LOS ANGELES—Filmmaker Stanley Donen, a giant of the Hollywood musical who through such classics as “Singin’ in the Rain” and “Funny Face” helped give us some of the most joyous sounds and images in movie history, has died. He was 94.
Donen died on Thursday, Feb. 21, in New York from heart failure, his sons Joshua and Mark Donen confirmed Saturday.
He was behind unforgettable scenes as Kelly dancing with an animated Jerry the mouse in “Anchors Aweigh,” Astaire’s gravity-defying spin across the ceiling in “Royal Wedding,” and, the all-time triumph, Kelly ecstatically splashing about as he performs the title number in “Singin’ in the Rain.”
— Dancer on Film (@DancerOnFilm) February 23, 2019
Steven Spielberg recalled Donen as a “friend and early mentor” for whom life and film were inseparable.
“His generosity in giving over so many of his weekends in the late 60′s to film students like me to learn about telling stories and placing lenses and directing actors is a time I will never forget,” Spielberg said on Saturday.
The filmmaker Guillermo del Toro said, “Before Stanley Donen actors sang, actors danced. He made the camera dance and the colors sing.”
Before Stanley Donen actors sang, actors danced. He made the camera dance and the colors sing. pic.twitter.com/fm7xbF6KeW
— Guillermo del Toro (@RealGDT) February 23, 2019
A 2007 American Film Institute survey of the top 100 American movies ranked “Singin’ in the Rain,” with its inventive take on Hollywood’s transition from silent to talking pictures in the 1920s and Kelly’s famous dance in a downpour, at No. 5.
Donen was asked in 2002 whether the filmmakers knew that “Singin’ in the Rain,” released in 1952 and also starring Debbie Reynolds and Donald O’Connor, would be revered decades later.
Make ‘Em Laugh was added late in the filming of Singin’ In The Rain. Director #StanleyDonen realized that phenom Donald O’Conner did not have his own number and so the one take wonder was created. O’Conner was a four pack a day smoker and flubbed the first ending. This is take 2. pic.twitter.com/bfzqv2cH9Z
— Reconsidering Cinema (@coenesqued) February 24, 2019
Born in Columbia, South Carolina, Donen would remember movies—especially those with Astaire and Ginger Roger—as a needed escape from the tensions of being one of the few Jews in his community.
He took tap dancing lessons in his teens and began his show business career as a performer, dancing in the original Broadway production of “Pal Joey” at age 16. The title role was played by Kelly, and the show’s success propelled Kelly into the movies.
Donen received his first Hollywood break when Kelly got him a job helping choreograph the 1944 Kelly film “Cover Girl.”
“Singin’ in the Rain” was one of three films credited to Kelly and Donen as co-directors; the others were “On the Town,” the 1949 Kelly-Sinatra musical about sailors on leave in New York City, and the darker “It’s Always Fair Weather,” in which three soldier friends reunite a decade later.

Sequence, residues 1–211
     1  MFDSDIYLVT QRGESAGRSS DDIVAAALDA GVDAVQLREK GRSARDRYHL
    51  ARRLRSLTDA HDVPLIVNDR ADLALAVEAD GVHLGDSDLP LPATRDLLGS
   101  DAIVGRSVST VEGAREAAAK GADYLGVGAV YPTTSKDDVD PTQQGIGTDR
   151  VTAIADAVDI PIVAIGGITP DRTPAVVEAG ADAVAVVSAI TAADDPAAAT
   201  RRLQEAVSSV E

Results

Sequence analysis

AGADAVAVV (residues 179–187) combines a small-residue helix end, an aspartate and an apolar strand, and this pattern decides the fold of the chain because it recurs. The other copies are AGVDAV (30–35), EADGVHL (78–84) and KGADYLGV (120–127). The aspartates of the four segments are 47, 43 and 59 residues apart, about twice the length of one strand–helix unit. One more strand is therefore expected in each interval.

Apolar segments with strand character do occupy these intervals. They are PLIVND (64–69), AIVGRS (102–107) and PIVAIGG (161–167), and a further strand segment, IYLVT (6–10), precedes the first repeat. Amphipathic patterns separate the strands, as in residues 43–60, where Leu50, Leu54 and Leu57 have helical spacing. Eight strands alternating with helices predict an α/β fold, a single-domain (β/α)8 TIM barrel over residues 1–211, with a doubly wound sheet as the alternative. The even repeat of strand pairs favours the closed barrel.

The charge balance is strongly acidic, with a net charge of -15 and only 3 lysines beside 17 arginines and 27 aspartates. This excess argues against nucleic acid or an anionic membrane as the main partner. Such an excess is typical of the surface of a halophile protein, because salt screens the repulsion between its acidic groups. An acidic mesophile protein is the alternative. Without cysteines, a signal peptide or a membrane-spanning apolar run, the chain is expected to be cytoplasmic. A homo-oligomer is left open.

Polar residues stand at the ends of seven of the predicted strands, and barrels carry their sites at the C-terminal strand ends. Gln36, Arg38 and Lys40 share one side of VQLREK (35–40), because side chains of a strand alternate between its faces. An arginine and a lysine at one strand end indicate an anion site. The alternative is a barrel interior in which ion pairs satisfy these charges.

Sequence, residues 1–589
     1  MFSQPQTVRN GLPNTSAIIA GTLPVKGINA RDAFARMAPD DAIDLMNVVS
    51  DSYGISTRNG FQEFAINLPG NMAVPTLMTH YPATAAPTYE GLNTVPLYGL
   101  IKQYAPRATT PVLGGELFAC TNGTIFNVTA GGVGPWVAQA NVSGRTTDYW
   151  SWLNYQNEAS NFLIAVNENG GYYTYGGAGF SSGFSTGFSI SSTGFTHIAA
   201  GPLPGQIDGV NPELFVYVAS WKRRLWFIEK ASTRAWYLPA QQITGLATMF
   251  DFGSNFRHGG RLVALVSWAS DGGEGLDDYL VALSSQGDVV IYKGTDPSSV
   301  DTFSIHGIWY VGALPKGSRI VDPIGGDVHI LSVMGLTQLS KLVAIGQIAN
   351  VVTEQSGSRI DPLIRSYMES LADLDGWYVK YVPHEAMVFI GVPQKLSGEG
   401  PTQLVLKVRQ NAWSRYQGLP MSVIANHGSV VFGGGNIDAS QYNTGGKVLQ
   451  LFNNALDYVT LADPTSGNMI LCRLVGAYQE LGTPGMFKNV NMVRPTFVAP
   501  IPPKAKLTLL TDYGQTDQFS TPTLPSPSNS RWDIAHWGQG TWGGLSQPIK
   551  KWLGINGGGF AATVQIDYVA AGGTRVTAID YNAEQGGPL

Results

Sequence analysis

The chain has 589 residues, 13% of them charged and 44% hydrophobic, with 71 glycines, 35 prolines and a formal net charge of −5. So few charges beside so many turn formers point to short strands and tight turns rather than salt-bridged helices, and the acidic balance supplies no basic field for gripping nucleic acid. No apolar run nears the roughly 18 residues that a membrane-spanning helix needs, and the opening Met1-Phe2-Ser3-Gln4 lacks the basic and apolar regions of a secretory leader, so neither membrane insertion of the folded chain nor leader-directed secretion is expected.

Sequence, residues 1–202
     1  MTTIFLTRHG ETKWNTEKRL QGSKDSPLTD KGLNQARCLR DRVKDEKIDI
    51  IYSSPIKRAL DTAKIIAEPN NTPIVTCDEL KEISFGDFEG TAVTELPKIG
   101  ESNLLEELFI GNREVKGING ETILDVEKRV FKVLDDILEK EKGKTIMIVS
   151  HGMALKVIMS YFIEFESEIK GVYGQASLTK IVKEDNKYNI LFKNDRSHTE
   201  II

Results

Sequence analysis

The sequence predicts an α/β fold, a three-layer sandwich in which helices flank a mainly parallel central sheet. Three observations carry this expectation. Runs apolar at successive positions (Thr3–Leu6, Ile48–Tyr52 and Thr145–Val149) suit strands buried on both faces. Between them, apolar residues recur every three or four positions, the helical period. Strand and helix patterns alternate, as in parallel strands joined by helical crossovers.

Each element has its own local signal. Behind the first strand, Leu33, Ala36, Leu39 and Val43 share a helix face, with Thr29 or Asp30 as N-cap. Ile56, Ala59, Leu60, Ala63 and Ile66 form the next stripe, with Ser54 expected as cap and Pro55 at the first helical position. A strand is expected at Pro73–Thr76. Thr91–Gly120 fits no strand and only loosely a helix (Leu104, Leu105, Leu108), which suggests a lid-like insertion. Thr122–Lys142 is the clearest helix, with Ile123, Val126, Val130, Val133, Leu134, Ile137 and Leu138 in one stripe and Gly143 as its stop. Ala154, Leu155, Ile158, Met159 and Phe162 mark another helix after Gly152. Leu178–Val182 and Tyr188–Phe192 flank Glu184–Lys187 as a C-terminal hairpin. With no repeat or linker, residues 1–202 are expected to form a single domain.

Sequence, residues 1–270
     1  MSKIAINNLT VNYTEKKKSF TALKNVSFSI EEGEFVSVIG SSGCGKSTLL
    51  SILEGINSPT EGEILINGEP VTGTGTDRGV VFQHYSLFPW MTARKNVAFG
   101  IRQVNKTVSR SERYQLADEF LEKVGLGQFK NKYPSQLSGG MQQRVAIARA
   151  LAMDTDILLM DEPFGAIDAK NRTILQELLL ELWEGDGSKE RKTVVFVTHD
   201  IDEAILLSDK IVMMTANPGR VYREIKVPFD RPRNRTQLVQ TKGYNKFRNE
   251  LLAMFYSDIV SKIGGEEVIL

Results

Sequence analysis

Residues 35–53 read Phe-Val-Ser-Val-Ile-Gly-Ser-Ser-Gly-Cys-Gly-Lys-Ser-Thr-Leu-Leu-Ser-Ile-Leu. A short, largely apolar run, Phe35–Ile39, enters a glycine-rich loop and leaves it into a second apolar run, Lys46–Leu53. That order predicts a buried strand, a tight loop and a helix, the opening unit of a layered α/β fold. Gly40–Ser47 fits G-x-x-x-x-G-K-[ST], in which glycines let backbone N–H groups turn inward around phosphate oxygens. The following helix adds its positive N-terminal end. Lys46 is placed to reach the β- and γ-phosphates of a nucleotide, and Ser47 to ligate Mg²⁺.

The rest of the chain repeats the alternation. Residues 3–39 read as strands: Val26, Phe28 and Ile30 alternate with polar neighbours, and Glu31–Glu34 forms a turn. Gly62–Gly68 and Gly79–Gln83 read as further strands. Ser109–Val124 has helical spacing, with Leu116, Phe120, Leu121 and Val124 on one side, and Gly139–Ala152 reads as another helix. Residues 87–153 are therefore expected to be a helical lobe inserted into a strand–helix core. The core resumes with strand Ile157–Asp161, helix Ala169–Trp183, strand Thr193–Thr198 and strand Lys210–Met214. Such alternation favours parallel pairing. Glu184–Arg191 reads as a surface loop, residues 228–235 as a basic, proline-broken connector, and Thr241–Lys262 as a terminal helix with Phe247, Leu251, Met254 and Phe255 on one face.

My favourite photo of Stanley Donen, with Donald O’Connor and Gene Kelly and parasols. So sorry he’s gone. All Oscar winners should tap dance their acceptance speeches in his honour. pic.twitter.com/Eo0bFMmPcc
— Polly Rose (@theflyingeditor) February 23, 2019
The co-director credits—rare in films—came out of a tense relationship between Donen and the star, who had played such an important role in advancing Donen’s career. Donen would later speak resentfully of Kelly, who died in 1996, as being cold and condescending and not fully appreciative of his contributions. They parted for good after “It’s Always Fair Weather,” which came out in 1955.
Donen worked in various genres. “Indiscreet” (1958) was a light farce starring Grant and Ingrid Bergman, and “Two for the Road” (1967), with Hepburn and Albert Finney (who passed away recently), was an unusually acerbic and tense marital comedy for its time, far removed from the carefree spirit of his musicals.
One Donen film, the chic mystery “Charade” (1963), reminded viewers of a Hitchcock thriller. “Charade” starred Hepburn as a precocious socialite whose husband has been murdered, and Grant—who appeared in four Hitchcock films—as a mysterious man who may or may not be helping her.
Donen steadfastly denied any Hitchcock influence, while adding that the master of suspense “doesn’t own the genre.”
Donen had three sons; the oldest, Peter, died in 2003 of a heart attack at age 50. His first wife, dancer Jeanne Coyne, later married Kelly. His fourth wife was the screen star Yvette Mimieux. Over the past two decades, his companion was the filmmaker-comedian Elaine May.
None of his more recent films approached the heights of his most famous work. The nadir may have been 1984′s “Blame It on Rio,” a comedy about a man, Michael Caine, who has an affair with his friend’s young daughter. Roger Ebert slammed the film as “clearly intended to appeal to the prurient interests of dirty old men of all ages.”
Other credits include a musical segment for the 1980s TV comedy “Moonlighting” and a stage production of “The Red Shoes.” In 1999, he directed the ABC television movie “Love Letters,” which starred Steven Weber and Laura Linney.
“There are limits to TV,” Donen told The Associated Press in 1999. “And that’s what was fun: to try to find a way to be surprising within limits. I’m always looking for limits, because then you have to be inventive.”
By Jake Coyle